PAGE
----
LARDASS food stall.
HIMALAYA and DJ booth
Incredibly, apart from a few raw elbows, no-one was seriously harmed. We heard a few questioning remarks regarding public liability insurance, but considering of the severity of the risks at hand and America’s absurd legal system we figured that everything would be covered. As if often the case, however, we were wrong. Long informs: “There was no insurance at all for the show. I personally assumed the responsibility and made each attendee take their picture with a release that was written on the wall. It stated that the rides are dangerous and you are riding them at your own risk. We believe in taking responsibility for your actions. if you followed our rules you would be safe, if you want to be a daredevil then you need take the blame.” (Coincidentally, in the case of ARTLURKER’s ride, this formality was somehow overlooked).
Release waiver for The Gravitron.
The Youth Fair has been a staple for kids in Miami since anyone can seem to remember. As such anyone of who grew up in Miami can expect an immediate connection with the show. Sadly, the collective consciousness in respect of The Fair has been marred over the years by violence and crime in the form of gang fights and arms possession. However, refreshingly, “The Youth Fair, Bro” wasn’t about that at all, it was about nostalgia and building upon Long and Meatball’s own experience to create something completely new. “Our dress code” Long continues “came directly from our own personal memories of the Dade County Youth Fair. At it’s prime for me in the early Nineties, an airbrush shirt with your name or girlfriend’s name on it was about as cool as you could get. If you were truly awesome then you had Zubaz pants as well. Meatball chose to go another very popular route from the same era, the “head to toe acid wash.” Equally as cool but more from the rocker crowd.”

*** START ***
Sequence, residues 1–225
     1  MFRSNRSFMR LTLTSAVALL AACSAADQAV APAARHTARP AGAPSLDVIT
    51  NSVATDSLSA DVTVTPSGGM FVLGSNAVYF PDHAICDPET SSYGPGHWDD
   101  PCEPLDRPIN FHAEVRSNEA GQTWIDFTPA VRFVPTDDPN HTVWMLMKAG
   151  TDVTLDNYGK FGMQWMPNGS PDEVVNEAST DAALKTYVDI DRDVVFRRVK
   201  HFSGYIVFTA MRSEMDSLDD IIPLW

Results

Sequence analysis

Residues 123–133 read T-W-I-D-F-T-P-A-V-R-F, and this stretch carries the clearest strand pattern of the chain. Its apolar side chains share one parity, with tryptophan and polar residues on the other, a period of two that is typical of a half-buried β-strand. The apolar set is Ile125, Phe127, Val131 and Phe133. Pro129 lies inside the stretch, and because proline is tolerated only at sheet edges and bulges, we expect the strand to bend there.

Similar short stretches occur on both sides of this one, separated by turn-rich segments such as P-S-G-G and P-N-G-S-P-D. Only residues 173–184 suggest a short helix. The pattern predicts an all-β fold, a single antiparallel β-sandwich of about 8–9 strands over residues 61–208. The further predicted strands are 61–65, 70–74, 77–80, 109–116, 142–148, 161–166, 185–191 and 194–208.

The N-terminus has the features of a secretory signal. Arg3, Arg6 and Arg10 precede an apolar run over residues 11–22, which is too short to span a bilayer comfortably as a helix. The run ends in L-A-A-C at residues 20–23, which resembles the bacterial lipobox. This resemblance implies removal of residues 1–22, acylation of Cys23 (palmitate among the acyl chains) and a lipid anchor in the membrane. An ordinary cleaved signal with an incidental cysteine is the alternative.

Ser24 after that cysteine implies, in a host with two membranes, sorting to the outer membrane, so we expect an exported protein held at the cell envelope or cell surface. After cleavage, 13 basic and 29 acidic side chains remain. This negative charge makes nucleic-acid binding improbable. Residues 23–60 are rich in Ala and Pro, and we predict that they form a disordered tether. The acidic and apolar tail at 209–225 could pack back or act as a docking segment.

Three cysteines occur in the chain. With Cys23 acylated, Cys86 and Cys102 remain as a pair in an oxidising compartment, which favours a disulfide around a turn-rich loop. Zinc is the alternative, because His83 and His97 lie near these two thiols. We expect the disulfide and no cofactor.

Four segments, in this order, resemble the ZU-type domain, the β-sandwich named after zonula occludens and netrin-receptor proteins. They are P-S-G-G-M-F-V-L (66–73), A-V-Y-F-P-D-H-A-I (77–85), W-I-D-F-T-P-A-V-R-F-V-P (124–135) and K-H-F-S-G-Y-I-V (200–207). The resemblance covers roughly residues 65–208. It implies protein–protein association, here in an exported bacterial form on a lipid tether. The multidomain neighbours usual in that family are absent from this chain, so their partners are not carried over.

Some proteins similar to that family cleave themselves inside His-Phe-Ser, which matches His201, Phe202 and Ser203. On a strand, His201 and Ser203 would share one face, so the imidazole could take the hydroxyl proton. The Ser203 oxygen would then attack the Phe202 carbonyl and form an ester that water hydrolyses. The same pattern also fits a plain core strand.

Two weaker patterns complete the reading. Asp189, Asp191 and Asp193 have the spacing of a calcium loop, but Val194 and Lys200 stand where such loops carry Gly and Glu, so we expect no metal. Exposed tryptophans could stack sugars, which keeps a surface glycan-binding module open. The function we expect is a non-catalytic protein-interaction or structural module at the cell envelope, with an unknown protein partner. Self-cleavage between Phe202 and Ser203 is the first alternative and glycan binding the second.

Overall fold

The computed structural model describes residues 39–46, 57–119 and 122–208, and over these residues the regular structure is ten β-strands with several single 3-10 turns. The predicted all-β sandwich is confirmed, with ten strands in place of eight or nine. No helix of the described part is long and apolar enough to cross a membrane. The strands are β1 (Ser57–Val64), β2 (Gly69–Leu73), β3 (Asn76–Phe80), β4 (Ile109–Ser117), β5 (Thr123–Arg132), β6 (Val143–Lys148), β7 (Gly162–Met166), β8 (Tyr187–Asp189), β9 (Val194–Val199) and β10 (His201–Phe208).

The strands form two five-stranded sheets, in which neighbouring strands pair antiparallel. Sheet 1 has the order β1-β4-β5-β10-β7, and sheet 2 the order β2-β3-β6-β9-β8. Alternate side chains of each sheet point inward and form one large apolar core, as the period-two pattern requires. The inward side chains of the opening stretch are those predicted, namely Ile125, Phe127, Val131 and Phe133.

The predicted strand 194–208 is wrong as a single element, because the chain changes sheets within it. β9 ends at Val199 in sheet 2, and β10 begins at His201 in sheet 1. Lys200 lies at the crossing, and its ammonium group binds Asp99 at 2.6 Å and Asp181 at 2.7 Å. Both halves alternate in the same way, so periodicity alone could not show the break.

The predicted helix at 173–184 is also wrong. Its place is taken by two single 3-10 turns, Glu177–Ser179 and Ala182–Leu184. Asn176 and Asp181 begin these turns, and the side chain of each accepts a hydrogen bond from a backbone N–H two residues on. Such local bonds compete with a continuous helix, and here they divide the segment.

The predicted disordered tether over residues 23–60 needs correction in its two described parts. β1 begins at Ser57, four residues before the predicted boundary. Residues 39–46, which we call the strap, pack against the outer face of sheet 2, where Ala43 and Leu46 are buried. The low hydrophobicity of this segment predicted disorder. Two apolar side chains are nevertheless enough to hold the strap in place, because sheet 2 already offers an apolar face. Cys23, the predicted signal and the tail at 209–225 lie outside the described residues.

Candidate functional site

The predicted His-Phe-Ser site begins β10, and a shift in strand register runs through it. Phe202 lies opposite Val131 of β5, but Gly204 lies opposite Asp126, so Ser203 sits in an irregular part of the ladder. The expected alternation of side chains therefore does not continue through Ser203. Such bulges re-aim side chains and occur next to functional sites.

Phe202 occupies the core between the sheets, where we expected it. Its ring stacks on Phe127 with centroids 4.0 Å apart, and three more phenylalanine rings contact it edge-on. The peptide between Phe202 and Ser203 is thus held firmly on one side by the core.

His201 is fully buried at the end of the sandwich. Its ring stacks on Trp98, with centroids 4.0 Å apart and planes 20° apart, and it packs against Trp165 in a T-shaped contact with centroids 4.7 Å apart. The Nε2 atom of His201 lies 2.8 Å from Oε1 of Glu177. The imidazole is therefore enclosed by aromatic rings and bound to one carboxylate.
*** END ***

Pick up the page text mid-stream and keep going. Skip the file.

Justin H. Long sporting air brush t-shirt.
Tried of going to art shows and not being wowed, Long and Meatball’s main goal over and above the communication of their characteristically rough conceptual framework was to make a show that’s sole purpose was to knock socks off. With alternative titles for this post such as “Arty Farty Carny Malarkey” and “ARTLURKER killed by Meatball” hanging like bats in the eves of possibility it would seem that so far as this publication is concerned, they succeeded, and in doing so preserved not only life, but also an atmosphere which might have otherwise been lost forever.
The show, quite possibly the most memorable thing you will experience this month, will be up until the 30th of May. Appointments can be made to see the rides, however they will not be functional until the closing on the 30th[.]